With the debate raging about Zvi Stern’s tanking antics at the WSOP Main Event Final Table, I felt it was appropriate to look at the Tournament Directors’ Association rules on the matter. Back in August, when the Tournament Directors’ Association released the latest rules which had been outlined at the 2015 summit, much of the focus was on one-chip calls and the first/last card off the deck rule. However one part of the new rules I wanted to draw attention to was firstly the responsibility of the players, and also the regulations regarding calling the clock.
In the TDA Poker Rules, the section entitled ‘Player Responsibilities’ is as follows:
“Players should verify registration data and seat assignments, protect their hands, make their intentions clear, follow the action, act in turn, defend their right to act, keep cards visible and chips correctly stacked, remain at the table with a live hand, speak up if they see a mistake, call for a clock when warranted, transfer tables promptly, follow one player to a hand, know and comply with the rules, practice proper etiquette, and generally contribute to an orderly event.”
The highlighted part was an addition to the 2015 edition and is especially relevant considering the current debate regarding tanking, stalling and slow play in general. Before I go onto this in detail, I want to look at the TDA’s rules specifically on ‘Calling the Clock.’ I’m going to go through it sentence by sentence.
“A clock will be approved only after reasonable time passes.”
This really is the crux of any debate. There’s the famous example of Daniel Negreanu requesting a ruling when he deemed that hadn’t had enough time to make a decision yet, but this part of the rules seems straight forward. That is until you try to analyse the word ‘reasonable.’ Is it reasonable to tank for 2-3 minutes UTG before folding in the first level? Probably not. Is it reasonable to tank for the same amount of time on the Main Event Final Table, the biggest final table of a poker player’s career? Many would argue no.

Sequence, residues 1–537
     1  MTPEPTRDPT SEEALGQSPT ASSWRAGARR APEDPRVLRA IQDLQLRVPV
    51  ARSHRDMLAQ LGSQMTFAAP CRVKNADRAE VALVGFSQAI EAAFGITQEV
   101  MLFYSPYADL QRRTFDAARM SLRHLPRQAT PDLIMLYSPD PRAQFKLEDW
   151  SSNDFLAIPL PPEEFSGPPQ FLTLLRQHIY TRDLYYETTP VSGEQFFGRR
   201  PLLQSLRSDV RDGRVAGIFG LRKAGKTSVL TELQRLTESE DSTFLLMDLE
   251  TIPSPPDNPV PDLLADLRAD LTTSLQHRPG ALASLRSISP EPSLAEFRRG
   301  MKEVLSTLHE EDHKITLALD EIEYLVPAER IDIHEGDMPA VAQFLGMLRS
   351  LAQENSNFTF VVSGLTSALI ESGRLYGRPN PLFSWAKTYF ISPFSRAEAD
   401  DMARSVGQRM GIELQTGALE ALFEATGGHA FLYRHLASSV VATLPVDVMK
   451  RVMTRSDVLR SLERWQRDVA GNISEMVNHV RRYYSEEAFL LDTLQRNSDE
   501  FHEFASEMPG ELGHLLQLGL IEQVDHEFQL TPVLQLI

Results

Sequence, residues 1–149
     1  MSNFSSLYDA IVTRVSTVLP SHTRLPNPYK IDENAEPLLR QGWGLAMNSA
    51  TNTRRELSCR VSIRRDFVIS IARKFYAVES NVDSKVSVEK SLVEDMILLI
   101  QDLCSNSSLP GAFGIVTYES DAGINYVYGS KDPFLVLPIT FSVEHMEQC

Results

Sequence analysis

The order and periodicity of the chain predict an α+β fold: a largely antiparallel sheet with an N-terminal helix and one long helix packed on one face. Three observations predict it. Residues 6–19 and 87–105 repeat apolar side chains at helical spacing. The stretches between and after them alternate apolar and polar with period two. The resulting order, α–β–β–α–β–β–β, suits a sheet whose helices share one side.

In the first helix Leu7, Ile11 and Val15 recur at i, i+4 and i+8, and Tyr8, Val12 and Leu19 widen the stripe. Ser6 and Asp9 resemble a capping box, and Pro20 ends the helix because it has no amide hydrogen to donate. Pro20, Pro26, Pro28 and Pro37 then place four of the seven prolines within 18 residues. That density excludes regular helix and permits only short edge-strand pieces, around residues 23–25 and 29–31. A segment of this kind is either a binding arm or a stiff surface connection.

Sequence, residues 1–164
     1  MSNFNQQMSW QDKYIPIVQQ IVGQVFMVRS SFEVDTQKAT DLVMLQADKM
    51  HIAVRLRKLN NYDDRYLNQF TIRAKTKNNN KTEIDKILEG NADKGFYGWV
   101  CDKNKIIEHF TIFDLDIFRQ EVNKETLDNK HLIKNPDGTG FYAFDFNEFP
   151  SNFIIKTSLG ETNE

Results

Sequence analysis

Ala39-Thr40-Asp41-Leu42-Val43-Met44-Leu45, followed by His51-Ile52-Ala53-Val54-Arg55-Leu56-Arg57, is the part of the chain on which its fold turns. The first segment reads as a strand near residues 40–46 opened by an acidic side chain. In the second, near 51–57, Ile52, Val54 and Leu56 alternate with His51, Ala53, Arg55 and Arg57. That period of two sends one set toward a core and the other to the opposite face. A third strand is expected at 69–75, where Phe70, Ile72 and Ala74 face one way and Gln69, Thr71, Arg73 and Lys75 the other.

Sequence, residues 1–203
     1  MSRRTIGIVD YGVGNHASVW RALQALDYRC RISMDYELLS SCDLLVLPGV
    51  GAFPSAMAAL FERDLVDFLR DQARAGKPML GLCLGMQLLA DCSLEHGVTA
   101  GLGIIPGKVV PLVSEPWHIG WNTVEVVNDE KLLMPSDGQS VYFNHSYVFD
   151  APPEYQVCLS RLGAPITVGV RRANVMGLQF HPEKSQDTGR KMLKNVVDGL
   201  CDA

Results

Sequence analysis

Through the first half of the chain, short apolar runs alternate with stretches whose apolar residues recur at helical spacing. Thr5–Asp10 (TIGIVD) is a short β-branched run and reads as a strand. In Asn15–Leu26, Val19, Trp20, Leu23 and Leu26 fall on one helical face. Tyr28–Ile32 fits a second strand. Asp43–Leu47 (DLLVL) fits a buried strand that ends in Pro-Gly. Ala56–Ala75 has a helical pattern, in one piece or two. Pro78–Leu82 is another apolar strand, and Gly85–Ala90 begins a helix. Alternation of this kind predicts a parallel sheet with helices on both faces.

“Any player in the event may request a clock.”
In my opinion this is a great addition to the rules, and it really comes into effect around the bubble of events, especially before play goes hand-for-hand.
“If the floor approves the request, a player has up to 50 seconds to act. If action is not taken before time expires, there will be a 10-second count. If the player does not act by the end of the count, the hand is dead. A tie goes to the player.”
I don’t think there’s any debate about how the clock works once called, but it is the following section which is perhaps the most unclear section of the rule.
“TDs may reduce the time allowed to act and take other steps to fit the game format and stop persistent delays.”
It really is interesting to see that Tournament Directors have the ability to take other steps in order to punish repeat offenders. This is in fact reiterated later in the rules in a section entitled ‘Etiquette Violations.’ The obvious further steps are hand, orbit or time penalties, but when was the last time you saw or heard of one of those being implemented in a tournament. I want Tournament Directors to really make an effort to stamp out unnecessary tanking. We all know everyone has tough decisions, and no one has found a concrete way of appeasing everyone on the matter.
If I were tasked with fixing the problem, I would make the oft-repeated suggestion that if someone does call the clock on you, and you end up folding, you must show your cards to the table. It’s the only way to find out if someone was faced with a tough decision or not, and makes it clear that if someone is tanking, they are facing a genuine decision.